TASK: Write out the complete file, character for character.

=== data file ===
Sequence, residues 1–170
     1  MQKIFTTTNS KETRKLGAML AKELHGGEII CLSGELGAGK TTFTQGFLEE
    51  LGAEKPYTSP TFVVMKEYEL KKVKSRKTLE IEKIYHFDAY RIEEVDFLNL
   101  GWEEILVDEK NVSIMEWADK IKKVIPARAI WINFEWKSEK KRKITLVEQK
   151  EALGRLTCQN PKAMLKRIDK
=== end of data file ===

Sequence, residues 1–170
     1  MQKIFTTTNS KETRKLGAML AKELHGGEII CLSGELGAGK TTFTQGFLEE
    51  LGAEKPYTSP TFVVMKEYEL KKVKSRKTLE IEKIYHFDAY RIEEVDFLNL
   101  GWEEILVDEK NVSIMEWADK IKKVIPARAI WINFEWKSEK KRKITLVEQK
   151  EALGRLTCQN PKAMLKRIDK